What does it take to become an expert?
A popular writer cites the “10,000-hour rule.” According to this rule, if you practice for 10,000 hours, you will become an expert. But this rule is an oversimplification of important research: in fields as diverse as music, math, and leadership, deliberate practice is the only kind of practice that promises to produce excellence.
10,000 Hour Rule
In his best-selling book Outliers, Malcolm Gladwell cited studies on expert violinists to promote the “10,000-hour rule.” He used Mozart as a prime example. Mozart learned to play at the age of four. Despite his musical genius – both as a performer and a composer – he practiced for thousands of hours to cultivate his art while other boys played with toy soldiers.
So Gladwell does get the general concept correctly. To become an expert in any discipline – even for those with latent talent – takes tons of practice.
But not all practice is equal.
Some practice is little more than repeating the same mistakes over and over again. This kind of practice is not likely to yield star performers.
There’s another kind of practice that is characterized by focused, specific goals. It includes constructive feedback, and requires leaving one’s comfort zone to advance. This type of practice has better odds than muddling around with no direction.
However, to really become an expert requires deliberate practice. According to Ericsson and Pool, deliberate practice knows where it is going because others have provided the roadmap to get there.1 For example, the violin has been played for centuries, so the best training techniques to become a world-class violinist are well-known.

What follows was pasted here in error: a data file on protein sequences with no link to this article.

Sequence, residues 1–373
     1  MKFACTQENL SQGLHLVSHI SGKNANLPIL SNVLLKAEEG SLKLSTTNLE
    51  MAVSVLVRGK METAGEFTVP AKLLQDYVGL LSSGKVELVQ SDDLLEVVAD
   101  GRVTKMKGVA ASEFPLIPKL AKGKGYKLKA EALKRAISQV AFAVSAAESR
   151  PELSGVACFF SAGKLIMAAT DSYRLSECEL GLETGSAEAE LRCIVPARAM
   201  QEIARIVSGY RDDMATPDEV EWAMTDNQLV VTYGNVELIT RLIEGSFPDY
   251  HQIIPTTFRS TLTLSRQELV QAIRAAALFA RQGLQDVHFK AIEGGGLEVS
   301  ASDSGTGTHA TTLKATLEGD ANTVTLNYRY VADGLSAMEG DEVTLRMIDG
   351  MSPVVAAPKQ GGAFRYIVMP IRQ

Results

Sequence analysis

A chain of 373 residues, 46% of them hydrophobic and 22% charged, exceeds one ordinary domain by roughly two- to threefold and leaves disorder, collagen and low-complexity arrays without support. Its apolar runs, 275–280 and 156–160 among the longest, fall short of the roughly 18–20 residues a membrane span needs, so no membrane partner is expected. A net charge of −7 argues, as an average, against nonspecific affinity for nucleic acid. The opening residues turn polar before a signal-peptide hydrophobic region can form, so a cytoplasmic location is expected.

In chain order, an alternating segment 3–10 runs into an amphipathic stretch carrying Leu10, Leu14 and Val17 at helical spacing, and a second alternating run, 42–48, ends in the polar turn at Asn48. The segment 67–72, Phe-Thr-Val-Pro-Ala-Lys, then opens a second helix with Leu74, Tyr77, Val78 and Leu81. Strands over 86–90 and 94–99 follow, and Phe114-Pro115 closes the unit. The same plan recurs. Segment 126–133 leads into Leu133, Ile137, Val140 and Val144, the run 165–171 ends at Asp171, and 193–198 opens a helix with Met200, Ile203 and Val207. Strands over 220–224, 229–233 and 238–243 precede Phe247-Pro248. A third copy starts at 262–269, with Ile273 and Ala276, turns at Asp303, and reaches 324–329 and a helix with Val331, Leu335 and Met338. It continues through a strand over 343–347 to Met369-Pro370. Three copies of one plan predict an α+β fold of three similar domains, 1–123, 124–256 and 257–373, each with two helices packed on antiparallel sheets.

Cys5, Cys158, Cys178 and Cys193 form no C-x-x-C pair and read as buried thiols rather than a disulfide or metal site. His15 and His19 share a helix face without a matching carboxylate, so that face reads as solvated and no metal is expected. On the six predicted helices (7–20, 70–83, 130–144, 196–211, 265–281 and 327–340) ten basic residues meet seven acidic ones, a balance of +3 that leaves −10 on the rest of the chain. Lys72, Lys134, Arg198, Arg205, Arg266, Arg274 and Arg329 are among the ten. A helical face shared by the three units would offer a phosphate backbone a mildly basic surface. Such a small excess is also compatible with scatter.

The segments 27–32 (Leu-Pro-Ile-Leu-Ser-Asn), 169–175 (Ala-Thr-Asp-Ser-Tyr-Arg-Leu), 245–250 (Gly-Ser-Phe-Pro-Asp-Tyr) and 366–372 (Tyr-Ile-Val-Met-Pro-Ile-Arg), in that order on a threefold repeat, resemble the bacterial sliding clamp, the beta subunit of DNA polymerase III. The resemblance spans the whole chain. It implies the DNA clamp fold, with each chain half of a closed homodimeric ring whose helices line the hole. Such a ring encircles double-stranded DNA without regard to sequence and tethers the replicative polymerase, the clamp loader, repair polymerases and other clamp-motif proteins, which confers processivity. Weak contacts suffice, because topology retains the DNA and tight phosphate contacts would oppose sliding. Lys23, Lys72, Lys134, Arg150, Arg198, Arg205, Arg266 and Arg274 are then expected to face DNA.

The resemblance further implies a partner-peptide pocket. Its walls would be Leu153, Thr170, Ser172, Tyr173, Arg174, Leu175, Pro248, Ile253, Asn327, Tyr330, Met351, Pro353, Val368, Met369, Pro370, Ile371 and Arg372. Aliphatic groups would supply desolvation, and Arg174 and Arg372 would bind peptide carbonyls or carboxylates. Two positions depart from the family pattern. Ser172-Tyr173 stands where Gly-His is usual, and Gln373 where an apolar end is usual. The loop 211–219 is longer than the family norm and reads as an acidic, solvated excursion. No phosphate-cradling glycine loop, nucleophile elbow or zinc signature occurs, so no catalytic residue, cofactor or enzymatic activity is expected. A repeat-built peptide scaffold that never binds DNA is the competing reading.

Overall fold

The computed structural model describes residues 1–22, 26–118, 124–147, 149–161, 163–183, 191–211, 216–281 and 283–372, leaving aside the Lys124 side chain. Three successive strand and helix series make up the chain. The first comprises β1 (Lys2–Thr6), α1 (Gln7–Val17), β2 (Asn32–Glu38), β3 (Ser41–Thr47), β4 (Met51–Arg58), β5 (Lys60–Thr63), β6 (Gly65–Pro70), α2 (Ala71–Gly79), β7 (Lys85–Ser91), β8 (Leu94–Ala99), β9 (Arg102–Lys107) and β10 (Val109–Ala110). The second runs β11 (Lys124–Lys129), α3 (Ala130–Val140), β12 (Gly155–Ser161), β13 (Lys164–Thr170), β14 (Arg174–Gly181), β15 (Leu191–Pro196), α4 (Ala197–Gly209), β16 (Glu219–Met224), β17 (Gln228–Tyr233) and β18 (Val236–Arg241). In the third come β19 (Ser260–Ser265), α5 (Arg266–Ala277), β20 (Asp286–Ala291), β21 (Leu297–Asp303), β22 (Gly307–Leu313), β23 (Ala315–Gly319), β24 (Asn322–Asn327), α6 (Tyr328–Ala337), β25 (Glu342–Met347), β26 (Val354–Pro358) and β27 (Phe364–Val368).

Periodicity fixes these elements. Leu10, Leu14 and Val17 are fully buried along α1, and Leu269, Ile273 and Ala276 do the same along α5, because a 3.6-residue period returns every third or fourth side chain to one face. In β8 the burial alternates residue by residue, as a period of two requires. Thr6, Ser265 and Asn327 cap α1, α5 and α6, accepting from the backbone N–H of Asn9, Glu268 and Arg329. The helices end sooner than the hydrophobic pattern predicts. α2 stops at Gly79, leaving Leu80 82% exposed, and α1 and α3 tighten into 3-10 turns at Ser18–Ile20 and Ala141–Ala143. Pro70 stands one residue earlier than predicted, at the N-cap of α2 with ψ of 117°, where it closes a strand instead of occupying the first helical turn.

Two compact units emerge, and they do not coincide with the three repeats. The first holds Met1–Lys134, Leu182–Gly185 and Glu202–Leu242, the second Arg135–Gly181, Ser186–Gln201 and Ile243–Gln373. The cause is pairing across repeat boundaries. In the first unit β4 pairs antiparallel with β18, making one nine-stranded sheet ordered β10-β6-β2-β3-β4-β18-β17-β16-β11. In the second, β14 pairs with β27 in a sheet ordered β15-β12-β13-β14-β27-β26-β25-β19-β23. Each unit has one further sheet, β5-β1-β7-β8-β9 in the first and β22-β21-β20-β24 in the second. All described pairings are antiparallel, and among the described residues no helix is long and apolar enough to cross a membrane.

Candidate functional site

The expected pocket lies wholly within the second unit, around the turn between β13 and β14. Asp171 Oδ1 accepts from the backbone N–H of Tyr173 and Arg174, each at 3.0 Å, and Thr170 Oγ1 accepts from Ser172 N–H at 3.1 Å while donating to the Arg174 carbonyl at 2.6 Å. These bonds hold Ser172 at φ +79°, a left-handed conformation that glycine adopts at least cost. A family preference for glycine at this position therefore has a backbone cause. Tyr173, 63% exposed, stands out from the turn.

Unfortunately, there is no common consensus on the roadmap to leadership excellence. Rather, the leadership landscape is littered with self-proclaimed leadership experts. To illustrate, I recently listened to a video blog of an elected official who was interviewed by one of his loyal, awestruck subordinates. He pointed to the virtues of his own style of leadership, and pontificated on the path for others to become like him. His voice is persuasive to many aspiring to become more influential. But his approach to leadership – despite the lofty language – has little support in theory, empirical data, or in thoughtful observation.
Respected Models of Leadership
To remedy this dilemma, it is important to begin by identifying some models of leadership that are commonly respected for excellence across disciplines. Here are two sources to consider:
- Jim Kouzes and Barry Posner have done some of the best work available on the “exemplary practices” that are necessary for transformational leadership. Check out their work at www.leadershipchallenge.com.
- Jesus Christ was the arguably the greatest leader who ever lived. Regardless of your religious persuasion, his model has been a leadership benchmark for millenia.
Regarding a roadmap for deliberate practice, my new book entitled Leading with Story: Cultivating Christ-centered Leaders in a Storycentric Generation (William Carey Library, 2016) has an entire section that provides validated leadership development strategies.
If you want to be an excellent leader, there’s no substitute for deliberate practice with proven models and a good roadmap for your journey.
1Anders Ericsson and Robert Pool, Peak, Houghton Mifflin Harcourt, 2016.
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